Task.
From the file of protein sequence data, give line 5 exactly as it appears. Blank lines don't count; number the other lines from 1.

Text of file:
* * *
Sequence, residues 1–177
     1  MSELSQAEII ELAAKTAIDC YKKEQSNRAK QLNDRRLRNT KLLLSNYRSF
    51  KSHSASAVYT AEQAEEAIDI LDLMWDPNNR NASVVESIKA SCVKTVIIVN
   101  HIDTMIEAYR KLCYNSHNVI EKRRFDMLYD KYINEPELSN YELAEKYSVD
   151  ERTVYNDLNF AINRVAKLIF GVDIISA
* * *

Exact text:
   151  ERTVYNDLNF AINRVAKLIF GVDIISA